In this work, the scenery of a forest in a remote area in Japan is broadcast via live stream. At the site, words related to the coronavirus are played over a speaker, mix with the random sounds of the surrounds and then captured on a microphone. This recording is then converted into slightly unnatural language by an automatic voice recognition program, and the process of voice output - sound collection - erroneous conversion is repeated, resulting in the phrases gradually changing. While it would have been possible to express the mistranslation of words in cyberspace alone, Mohri intentionally introduces the element of the real world. It is as though the confusion between the real and the virtual we see today has been superimposed on this confusion of language.
This work was inspired byFor the Birds(1981), a dialogue between John Cage and Daniel Charles. Cage’s surname is of course reminiscent of “bird cage” and today we, with our movements restricted, are like birds in a cage. The artist has in mind our daily life with the coronavirus, in which we, trapped, encounter countless words on the internet that gradually diverge and morph into ideas quite different from the facts (sometimes intentionally). A bird feeder is placed in front of the camera, but will the birds – as free as they are – really join this loop of misconversion? (K.K.)
* Original phrases used in the work
To adapt to the new normal
State of emergency
Wear a Mask
Wash your hands
Cover your mouth and nose
Thank you for your understanding and cooperation
Refrain from going out unless necessary
Work from home
Join by Video
Some people are already infected by COVID-19
Pandemic-level increase in patients
Please practice proper hand washing and gargle with mouthwash whenever possible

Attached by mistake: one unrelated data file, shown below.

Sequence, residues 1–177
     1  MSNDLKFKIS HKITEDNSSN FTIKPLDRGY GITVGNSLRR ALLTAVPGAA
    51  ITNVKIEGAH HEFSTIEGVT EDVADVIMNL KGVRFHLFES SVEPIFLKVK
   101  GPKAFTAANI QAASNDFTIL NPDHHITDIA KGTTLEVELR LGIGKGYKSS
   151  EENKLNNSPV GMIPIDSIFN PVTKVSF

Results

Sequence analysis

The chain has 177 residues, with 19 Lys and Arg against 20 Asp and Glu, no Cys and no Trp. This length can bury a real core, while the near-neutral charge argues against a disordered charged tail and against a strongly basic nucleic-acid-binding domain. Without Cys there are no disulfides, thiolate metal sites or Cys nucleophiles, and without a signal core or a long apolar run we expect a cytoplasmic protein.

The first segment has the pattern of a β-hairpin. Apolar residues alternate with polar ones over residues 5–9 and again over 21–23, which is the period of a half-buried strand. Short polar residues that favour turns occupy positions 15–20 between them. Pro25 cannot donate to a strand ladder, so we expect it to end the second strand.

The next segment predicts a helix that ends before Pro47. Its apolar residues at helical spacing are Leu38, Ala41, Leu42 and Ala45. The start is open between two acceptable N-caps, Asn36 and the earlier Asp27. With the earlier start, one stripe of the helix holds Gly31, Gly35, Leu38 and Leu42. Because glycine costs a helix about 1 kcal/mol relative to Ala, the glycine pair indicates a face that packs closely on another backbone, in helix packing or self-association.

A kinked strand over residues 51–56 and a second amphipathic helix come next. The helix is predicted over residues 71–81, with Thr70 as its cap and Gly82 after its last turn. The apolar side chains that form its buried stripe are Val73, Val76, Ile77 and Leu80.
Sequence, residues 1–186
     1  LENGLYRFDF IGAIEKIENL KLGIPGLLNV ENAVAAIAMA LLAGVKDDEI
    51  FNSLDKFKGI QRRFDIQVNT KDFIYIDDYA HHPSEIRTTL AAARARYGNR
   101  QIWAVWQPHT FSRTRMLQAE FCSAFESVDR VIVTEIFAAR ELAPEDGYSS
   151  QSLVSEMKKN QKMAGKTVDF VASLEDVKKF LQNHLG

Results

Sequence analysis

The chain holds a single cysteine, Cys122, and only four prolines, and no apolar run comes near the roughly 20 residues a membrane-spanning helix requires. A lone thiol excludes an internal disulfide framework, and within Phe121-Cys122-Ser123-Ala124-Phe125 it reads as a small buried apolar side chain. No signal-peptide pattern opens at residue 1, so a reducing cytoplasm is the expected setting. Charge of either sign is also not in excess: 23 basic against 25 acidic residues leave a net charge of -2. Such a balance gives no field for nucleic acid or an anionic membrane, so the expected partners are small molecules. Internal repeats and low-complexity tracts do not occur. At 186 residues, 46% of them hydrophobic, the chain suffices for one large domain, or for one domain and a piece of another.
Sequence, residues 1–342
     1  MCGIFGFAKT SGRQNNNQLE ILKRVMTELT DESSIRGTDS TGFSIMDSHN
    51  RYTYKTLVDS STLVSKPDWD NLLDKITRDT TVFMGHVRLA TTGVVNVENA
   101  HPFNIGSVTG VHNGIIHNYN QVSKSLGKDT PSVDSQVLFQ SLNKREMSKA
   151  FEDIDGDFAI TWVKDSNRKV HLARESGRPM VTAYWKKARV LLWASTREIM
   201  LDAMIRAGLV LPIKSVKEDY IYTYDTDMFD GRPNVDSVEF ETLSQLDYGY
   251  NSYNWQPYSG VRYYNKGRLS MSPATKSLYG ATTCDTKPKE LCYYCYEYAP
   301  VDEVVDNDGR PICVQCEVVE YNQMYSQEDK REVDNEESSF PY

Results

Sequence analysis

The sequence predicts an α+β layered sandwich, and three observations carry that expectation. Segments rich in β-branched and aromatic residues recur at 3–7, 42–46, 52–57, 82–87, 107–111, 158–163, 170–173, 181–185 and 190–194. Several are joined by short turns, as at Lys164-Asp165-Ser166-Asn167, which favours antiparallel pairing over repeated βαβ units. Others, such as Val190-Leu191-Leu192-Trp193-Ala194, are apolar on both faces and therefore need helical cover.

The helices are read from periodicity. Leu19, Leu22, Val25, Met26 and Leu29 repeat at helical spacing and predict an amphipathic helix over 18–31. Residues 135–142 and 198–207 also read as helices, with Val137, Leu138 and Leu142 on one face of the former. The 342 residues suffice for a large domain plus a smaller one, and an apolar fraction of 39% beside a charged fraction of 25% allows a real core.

Do you have symptoms such as a fever or cough?
Preventing the spread of infection
Keep rooms reasonably humid and ventilated
I will get vaccinated next week
For the Birds
Born in Kanagawa Prefecture in 1980. Resides in Tokyo. Mohri creates three-dimensional works and installations combining objects such as daily necessities, toys musical instruments, mechanical parts, water and light. The actions and reactions of the various elements in the work are interconnected and unexpected, often making usually invisible forces such as magnetism, gravity and airflow visible. Mohri has created several works referring to modern artists such as Marcel Duchamp and Vladimir Tatlin, as well as works with sound at their core, some involving delays, deviations, or echoes and others in which the movement of objects is converted into sound.
Major exhibitions include “Assume That There Is Friction and Resistance,” (solo exhibition–Towada Art Center, Aomori, 2018), “Voluta” (solo exhibition–Camden Arts Center, London, 2018), “The 9th Asia Pacific Triennial of Contemporary Art” (Brisbane, 2018), “Japanorama: New Vision on Art Since 1970,” (Centre Pompidou-Metz, Metz, 2017) and “Yokohama Triennale 2014” (Kanagawa, 2014).